24) \(\displaystyle (−4.5,6.5)\)

    Answer

    Solution 19: \(\displaystyle −\sqrt{3},−1)\),

    Solution 21: \(\displaystyle (−\frac{\sqrt{3}}{2},\frac{−1}{2})\),

    Solution 23: \(\displaystyle (0,0)\)

    Exercise \(\PageIndex{5}\)

    For the following exercises, determine whether the graphs of the polar equation are symmetric with respect to the \(\displaystyle x\)-axis, the \(\displaystyle y\) -axis, or the origin.

    25) \(\displaystyle r=3sin(2θ)\)

    26) \(\displaystyle r^2=9cosθ\)

    27) \(\displaystyle r=cos(\frac{θ}{5})\)

    28) \(\displaystyle r=2secθ\)

    29) \(\displaystyle r=1+cosθ\)

     

    Answer

    Solution 25: Symmetry with respect to the x-axis, y-axis, and origin,

    Solution 27: Symmetric with respect to x-axis only,

    Solution 29: Symmetry with respect to x-axis only.

     

    Exercise \(\PageIndex{6}\)

    For the following exercises, describe the graph of each polar equation. Confirm each description by converting into a rectangular equation.

    30) \(\displaystyle r=3\)

    31) \(\displaystyle θ=\frac{π}{4}\)

    32) \(\displaystyle r=secθ\)

    33) \(\displaystyle r=cscθ\)

    Answer

    Solution 31: Line \(\displaystyle y=x\),

    Solution 33: \(\displaystyle y=1\)

    Exercise \(\PageIndex{7}\)

    For the following exercises, convert the rectangular equation to polar form and sketch its graph.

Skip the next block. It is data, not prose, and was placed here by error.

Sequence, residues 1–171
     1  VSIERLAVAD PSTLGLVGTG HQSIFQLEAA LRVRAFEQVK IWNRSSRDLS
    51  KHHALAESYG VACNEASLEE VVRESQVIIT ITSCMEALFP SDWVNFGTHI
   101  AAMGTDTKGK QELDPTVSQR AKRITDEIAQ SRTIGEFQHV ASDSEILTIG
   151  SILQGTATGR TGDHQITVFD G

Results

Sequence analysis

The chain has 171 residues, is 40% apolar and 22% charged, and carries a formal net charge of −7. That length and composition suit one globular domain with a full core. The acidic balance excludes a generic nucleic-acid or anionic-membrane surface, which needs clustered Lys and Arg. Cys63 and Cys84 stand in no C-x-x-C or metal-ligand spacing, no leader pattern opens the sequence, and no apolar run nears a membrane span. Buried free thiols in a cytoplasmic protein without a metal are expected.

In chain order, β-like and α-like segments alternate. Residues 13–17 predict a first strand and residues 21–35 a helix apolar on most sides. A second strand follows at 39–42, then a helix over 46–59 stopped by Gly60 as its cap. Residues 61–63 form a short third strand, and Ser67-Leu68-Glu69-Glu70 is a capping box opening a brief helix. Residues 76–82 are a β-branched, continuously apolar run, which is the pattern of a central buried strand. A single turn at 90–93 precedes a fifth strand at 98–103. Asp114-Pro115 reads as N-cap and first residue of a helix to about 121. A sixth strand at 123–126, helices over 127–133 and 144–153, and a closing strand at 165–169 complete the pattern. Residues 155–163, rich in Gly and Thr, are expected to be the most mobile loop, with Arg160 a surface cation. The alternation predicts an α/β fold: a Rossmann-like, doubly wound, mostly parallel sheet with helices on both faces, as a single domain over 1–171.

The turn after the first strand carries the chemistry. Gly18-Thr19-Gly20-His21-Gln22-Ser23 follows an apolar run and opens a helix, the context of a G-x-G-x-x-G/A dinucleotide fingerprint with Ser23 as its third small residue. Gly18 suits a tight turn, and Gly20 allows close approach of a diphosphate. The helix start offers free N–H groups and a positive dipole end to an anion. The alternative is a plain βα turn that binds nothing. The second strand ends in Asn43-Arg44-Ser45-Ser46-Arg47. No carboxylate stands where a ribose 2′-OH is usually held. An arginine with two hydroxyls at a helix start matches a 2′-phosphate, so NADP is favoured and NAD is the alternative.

34) \(\displaystyle x^2+y^2=16\)

    35) \(\displaystyle x^2−y^2=16\)

    36) \(\displaystyle x=8\)

    Answer

    Solution 35: Hyperbola; polar form \(\displaystyle r^2cos(2θ)=16\) or \(\displaystyle r^2=16secθ.\)

    Exercise \(\PageIndex{8}\)

    For the following exercises, convert the rectangular equation to polar form and sketch its graph.

    37) \(\displaystyle 3x−y=2\)

    38) \(\displaystyle y^2=4x\)

    Answer

    Solution 37: \(\displaystyle r=\frac{2}{3cosθ−sinθ}\)

    Exercise \(\PageIndex{9}\)

    For the following exercises, convert the polar equation to rectangular form and sketch its graph.

    39) \(\displaystyle r=4sinθ\)

    40) \(\displaystyle x^2+y^2=4y\)

    41) \(\displaystyle r=6cosθ\)

    42) \(\displaystyle r=θ\)

    43) \(\displaystyle r=cotθcscθ\)

    Answer

    Solution 39:

    Solution 41: \(\displaystyle xtan\sqrt{x^2+y^2}=y\)